To illustrate the modified sandwich technique, I will run through a few helpful and not-so-helpful evaluation sandwiches.
The Whitewash Evaluation
- Sure, a whitewash sandwich (only bread!) tastes okay, but it is rather dry and will get boring very fast. There is minimal nutritional value.
- The whitewash evaluation should be avoided.
- A whitewash evaluation contains only praise. No areas for improvement. No specific suggestions. Often the result of a very inexperienced evaluator, or an evaluator who is trying to “be nice.”
The False Praise Evaluation
- Like the whitewash sandwich, this one consists of only bread… er, bread crumbs. It is light and airy and, in reality, consists of nothing at all.
- The false praise evaluation should be avoided.
- A false praise evaluation contains only praise, but it is not genuine. The evaluator says they like it the speech, but they really do not. Often the result of an evaluator trying really hard to be nice at the expense of their integrity. In the end, nobody wins with false praise. Be honest.
The All-Criticism Evaluation
- Imagine serving a guest in your house a big jar of mayonnaise for lunch. Even if they like mayonnaise, they would likely start getting sick after the first tablespoon. Condiments are valuable, but they need the rest of the sandwich to be nutritious.
- The all-criticism evaluation should be avoided.
- The all-criticism evaluation consists only of areas for improvement: “Your gestures were off, your eye contact was poor, your visuals were hard to read, your voice was scratchy, …” Everyone likes (honest) praise, so be sure to give them some. And areas for improvement are nice, but how do I improve?
The Narrow Evaluation
- Imagine a sandwich comprised of lots and lots of (the same) meat, a sprinkling of (one) sauce, and a nondescript bun.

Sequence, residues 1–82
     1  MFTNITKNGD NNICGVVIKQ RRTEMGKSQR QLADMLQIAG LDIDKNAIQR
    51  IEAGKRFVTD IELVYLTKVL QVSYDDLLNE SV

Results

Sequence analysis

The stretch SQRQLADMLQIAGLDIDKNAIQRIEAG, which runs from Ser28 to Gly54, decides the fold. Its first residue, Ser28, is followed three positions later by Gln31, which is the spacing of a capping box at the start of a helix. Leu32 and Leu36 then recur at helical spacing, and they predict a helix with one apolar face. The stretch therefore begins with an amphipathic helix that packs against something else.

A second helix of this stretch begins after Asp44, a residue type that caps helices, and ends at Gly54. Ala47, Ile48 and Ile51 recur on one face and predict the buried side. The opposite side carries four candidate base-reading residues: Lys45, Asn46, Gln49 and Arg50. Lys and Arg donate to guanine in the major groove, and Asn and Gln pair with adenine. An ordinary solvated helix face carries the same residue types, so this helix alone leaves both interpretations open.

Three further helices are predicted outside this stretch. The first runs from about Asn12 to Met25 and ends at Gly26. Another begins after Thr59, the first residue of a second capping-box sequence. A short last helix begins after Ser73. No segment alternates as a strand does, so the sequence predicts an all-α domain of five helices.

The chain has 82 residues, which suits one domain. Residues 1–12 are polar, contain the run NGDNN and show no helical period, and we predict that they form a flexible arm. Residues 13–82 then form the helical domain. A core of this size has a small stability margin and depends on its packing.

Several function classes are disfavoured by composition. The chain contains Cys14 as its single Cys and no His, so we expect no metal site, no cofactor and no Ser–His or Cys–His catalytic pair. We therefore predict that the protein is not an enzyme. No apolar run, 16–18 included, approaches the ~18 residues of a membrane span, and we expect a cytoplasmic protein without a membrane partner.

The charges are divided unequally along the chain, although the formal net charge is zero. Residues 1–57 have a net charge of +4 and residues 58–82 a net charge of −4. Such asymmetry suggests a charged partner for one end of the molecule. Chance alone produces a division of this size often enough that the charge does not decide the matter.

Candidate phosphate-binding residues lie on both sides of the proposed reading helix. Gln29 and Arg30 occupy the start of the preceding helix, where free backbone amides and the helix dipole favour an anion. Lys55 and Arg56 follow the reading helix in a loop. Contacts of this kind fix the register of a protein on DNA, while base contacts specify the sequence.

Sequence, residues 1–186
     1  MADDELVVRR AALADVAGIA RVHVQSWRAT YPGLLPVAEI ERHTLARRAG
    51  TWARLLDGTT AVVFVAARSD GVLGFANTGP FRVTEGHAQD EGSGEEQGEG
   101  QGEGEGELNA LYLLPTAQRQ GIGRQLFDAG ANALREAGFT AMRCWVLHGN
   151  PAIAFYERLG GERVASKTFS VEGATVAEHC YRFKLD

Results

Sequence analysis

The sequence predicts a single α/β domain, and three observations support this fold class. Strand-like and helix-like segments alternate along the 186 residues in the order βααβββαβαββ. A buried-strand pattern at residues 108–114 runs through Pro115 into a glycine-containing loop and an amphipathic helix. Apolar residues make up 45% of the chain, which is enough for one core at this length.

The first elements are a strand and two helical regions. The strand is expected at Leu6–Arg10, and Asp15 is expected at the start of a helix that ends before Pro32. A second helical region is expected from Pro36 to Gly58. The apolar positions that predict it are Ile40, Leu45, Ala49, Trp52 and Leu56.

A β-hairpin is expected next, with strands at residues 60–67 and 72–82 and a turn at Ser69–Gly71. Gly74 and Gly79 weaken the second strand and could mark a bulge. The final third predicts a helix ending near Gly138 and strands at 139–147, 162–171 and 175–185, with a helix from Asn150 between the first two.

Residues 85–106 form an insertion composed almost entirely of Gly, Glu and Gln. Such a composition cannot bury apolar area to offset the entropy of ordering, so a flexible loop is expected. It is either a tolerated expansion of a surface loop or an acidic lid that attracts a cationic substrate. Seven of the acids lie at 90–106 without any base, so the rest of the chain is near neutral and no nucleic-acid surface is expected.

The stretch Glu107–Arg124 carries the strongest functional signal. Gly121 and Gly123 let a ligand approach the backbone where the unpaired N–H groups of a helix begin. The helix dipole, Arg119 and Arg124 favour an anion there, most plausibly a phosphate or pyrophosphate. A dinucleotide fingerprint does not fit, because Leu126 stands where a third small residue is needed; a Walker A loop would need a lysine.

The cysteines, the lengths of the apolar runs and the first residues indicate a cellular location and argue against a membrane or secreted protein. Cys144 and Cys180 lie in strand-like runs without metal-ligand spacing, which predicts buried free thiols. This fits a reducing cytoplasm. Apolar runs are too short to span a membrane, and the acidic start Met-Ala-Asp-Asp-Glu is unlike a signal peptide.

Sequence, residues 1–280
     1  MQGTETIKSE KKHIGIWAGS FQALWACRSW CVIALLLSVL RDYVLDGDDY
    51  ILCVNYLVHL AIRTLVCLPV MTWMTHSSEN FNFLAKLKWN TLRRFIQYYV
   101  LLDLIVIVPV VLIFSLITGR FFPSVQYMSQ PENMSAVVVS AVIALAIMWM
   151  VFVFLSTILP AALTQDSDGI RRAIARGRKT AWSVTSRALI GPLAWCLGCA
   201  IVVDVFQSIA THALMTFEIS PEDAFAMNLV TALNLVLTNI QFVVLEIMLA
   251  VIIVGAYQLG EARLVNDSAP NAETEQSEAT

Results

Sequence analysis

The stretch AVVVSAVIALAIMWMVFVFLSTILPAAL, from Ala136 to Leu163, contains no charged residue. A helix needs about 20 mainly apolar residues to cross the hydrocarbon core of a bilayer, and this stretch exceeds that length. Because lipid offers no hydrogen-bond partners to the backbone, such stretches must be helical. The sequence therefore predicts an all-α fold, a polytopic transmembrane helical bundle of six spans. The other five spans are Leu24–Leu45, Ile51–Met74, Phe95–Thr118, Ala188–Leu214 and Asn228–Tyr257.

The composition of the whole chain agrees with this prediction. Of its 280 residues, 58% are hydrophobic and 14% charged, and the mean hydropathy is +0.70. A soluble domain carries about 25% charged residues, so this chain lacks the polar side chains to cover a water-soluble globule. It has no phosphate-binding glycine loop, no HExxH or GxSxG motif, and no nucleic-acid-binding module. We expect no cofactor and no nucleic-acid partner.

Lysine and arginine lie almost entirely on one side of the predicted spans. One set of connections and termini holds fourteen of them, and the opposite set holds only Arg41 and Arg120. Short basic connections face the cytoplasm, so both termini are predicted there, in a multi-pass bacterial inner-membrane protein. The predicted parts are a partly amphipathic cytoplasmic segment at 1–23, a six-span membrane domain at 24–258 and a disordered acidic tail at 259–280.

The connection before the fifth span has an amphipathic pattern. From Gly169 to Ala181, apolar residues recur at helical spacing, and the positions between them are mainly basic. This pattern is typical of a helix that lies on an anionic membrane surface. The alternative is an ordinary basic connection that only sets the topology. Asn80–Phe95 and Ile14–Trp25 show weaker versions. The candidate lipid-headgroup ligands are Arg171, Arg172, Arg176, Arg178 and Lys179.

- The narrow evaluation is perhaps not the best over time, but is acceptable in a pinch.
- The narrow evaluation has three components – praise, areas for improvement, and specific suggestions – but has very little variety. For example, imagine an evaluation where the evaluator discusses only one area for improvement, perhaps with a specific suggestion how to improve it. Sometimes, this is exactly what the speaker needs to overcome a certain deficiency in their skill set. However, when you are the evaluator, try not to serve up narrow evaluations like this all the time. Think variety!
The Layered Evaluation
- A layered sandwich has all the fixings, in ample quantity. It can be served traditionally as shown here, or open-faced, or in any other combination.
- The layered evaluation is my favorite. Supportive, dynamic, and educational.
- The layered evaluation consists of three components – praise, areas for improvement, and specific suggestions. There is lots of variety for all components. The evaluation is balanced, easy for the speaker to digest, and contains lots of helpful advice. An evaluation like this every day would make a very strong and healthy speaker.
No matter how you choose to structure your evaluation, be sure it has the three necessary components of the modified sandwich technique:
- Praise (bread) – to encourage the speaker
- Areas for improvement (condiments) – to let the speaker know where you think they can improve
- Specific suggestions (meat, vegetables, cheese) – to help the speaker know how they can improve